Speaking Forsoothly: ?Don?t cozen me?

    As You Know, Captain: The history lesson.

    It's So Good I have to repeat it: The Crow Chorus

    The Department of Silly Names: Endrew Tarth,

    Characterization: Jon is not exactly emphatic with poor old Sam, is he?

    What we learn: Mormont continues to wonder about Jon?s loyalty.

    Not thinking it out: Mormont has seen the Others, yet he still want to go beyond the Wall? But you can't argue with the PLOT.

    What I liked: The description of Renly as copper.

    What I didn?t (in particular): That damned crow. It?s like having a permanent echo.

    Criminal Record: One poisoning, one thrashing.

    POVs to date: 8

    Jon's character arc to date: Gets drunk/Has shindy with his stepmother/Gets an attitude adjustment/Passes the attitude adjustment on/Intervenes in recruitment/Pouts when he is sorted into Hufflepuff/Fights off zombies storming da castle/Suffers a chorus of raven, but does *not* rhyme it with ?craven?/His desertion is foiled by his pals and his dilatory direwolf/Jon needs to sample life beyond the Wall, so his commanding officer sacrifices himself to the PLOT/

    Rating: 1.5/5
  7. Kyptastic VIP

    Member Since:
    Sep 10, 2005
    star 5
    Mormont's only seen the Wights, not the Others. In any case, they don't have enough information on the numbers of the wildlings or the Others and the small groups that he'd sent out were coming back with no information or not coming back at all. Taking the strength of the Watch out was a gamble, but a necessary gamble.
  8. Nevermind Jedi Grand Master

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    Why would *he* lead it?
  9. timmoishere Force Ghost

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    Jun 2, 2007
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    To keep the troops in line.
  10. Nevermind Jedi Grand Master

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    No, he has to lead it because the PLOT demands that he die.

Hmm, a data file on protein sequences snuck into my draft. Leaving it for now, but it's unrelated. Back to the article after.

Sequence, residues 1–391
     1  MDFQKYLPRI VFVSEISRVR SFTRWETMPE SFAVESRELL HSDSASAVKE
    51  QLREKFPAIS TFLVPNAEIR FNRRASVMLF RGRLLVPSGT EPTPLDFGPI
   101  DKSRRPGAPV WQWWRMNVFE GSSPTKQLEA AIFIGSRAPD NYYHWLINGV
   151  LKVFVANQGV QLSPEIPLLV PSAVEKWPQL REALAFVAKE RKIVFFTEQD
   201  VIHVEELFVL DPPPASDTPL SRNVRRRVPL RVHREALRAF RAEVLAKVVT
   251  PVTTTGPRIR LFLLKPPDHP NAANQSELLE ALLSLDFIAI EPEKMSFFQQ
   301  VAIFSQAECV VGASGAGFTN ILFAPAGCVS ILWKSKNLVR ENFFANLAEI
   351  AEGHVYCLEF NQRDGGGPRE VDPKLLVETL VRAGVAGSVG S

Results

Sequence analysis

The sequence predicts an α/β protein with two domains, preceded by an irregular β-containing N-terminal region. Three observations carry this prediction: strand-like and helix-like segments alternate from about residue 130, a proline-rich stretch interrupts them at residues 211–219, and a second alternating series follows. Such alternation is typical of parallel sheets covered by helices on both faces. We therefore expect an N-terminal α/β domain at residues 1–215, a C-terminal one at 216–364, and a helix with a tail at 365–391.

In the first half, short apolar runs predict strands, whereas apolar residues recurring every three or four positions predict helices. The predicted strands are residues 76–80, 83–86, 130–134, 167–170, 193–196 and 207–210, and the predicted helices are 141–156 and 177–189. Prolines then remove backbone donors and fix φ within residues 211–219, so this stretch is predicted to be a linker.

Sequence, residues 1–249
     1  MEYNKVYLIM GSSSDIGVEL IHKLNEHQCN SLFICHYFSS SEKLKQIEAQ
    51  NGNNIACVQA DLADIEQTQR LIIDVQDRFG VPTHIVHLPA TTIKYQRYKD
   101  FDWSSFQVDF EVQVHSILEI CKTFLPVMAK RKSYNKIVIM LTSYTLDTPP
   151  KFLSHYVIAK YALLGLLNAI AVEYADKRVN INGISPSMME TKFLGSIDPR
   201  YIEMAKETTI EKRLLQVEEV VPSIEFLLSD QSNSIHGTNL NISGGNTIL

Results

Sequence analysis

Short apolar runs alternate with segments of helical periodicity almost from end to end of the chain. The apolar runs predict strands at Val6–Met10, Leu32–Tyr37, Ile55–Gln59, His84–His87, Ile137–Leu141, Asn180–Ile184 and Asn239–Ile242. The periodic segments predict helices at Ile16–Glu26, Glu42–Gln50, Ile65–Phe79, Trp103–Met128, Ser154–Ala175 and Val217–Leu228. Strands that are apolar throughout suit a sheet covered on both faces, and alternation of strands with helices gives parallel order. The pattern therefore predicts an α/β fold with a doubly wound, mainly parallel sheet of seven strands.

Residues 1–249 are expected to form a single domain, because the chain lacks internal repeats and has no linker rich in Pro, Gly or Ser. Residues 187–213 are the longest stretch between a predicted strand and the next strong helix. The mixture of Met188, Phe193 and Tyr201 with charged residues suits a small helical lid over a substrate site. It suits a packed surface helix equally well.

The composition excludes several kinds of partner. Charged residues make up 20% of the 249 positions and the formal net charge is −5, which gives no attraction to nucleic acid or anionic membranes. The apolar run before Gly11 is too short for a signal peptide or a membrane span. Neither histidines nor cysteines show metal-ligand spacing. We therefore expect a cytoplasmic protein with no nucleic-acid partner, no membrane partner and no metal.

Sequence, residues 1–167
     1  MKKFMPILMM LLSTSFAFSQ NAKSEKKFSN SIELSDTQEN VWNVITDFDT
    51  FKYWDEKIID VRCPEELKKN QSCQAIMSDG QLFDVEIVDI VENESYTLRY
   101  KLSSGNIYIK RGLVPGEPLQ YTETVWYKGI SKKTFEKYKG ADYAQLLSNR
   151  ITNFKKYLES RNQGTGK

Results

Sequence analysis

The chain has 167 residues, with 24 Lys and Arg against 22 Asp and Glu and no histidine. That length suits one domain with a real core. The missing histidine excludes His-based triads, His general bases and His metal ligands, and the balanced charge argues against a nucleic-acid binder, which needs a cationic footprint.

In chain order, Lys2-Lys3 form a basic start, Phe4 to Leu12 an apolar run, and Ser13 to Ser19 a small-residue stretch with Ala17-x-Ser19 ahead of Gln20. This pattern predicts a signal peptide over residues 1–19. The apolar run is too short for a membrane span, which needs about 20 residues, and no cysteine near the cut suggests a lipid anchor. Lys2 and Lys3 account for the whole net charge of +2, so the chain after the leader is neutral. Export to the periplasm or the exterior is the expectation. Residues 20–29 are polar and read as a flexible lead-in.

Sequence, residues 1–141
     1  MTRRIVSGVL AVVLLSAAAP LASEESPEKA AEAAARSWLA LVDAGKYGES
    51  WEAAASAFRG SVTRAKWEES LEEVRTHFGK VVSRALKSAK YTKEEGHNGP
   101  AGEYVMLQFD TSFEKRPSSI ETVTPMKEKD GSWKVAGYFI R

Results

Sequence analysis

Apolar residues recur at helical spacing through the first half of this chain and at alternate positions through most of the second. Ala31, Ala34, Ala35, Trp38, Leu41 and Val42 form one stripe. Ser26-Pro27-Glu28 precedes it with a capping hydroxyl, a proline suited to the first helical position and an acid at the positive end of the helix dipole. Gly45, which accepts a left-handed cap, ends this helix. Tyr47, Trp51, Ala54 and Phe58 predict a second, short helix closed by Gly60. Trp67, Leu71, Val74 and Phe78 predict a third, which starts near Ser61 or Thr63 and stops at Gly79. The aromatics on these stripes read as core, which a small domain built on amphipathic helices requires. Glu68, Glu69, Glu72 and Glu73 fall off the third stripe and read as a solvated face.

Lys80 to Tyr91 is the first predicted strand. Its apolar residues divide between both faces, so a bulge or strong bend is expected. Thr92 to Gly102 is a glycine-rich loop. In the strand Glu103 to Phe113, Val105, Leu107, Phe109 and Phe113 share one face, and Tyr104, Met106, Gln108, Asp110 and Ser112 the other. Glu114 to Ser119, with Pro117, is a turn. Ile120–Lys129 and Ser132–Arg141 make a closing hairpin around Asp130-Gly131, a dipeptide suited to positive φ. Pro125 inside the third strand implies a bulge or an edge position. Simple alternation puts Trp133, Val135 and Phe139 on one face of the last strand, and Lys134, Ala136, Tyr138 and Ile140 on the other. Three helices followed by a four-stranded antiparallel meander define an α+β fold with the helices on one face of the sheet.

11. timmoishere Force Ghost

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    Sure, believe that if you want to, but that's not the real reason.
  12. Nevermind Jedi Grand Master

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    Chapter Seven: Catelyn

    Summary: Having interfered disastrously before, Catelyn is still at it

    Some Thoughts: Oh noes! A Catelyn chapter. I hate Catelyn chapters with a mortal passion.

    Fantasy Tropes: Rape, Pillage and Burn

    Improbability Dept.: A crown as described would be too heavy to wear.

    As You Know, Captain: the history of Harrenhal

    The Department of Silly Names: Ser Cleos Frey, Ser Burton Crakehall

    What we learn: The Lannisters are gathering for a third battle

    Not thinking it out: Don?t send Theon, do get rid of Catelyn

    What I liked: Nothing

    What I didn?t (in particular): It?s just filler

    Criminal Record: One poisoning, one thrashing

    POVs to date: 4

    Complains about husband's bastard/Complains about husband's bastard/Foils assassination attempt on her son/Is told the assassin's name by her ex-boyfriend and an eunuch/Arrests Tyrion for attempted murder, bad puns and trying to steal her hotel room/Climbs a mountain in the dark with bastard/Watches younger sister behave in an even stupider way that her own/Decides to abandon her younger sons at Winterfall/Makes a deal with a superannuated weasel/Sits around watching a battle because Martin needs a POV/Remembers prepubescent sex scene/Annoys the hell out of her son, her brother, her uncle and the surrounding host/

    Rating: .00000000001/5
  13. Penguinator RPF Modinator and Batmanager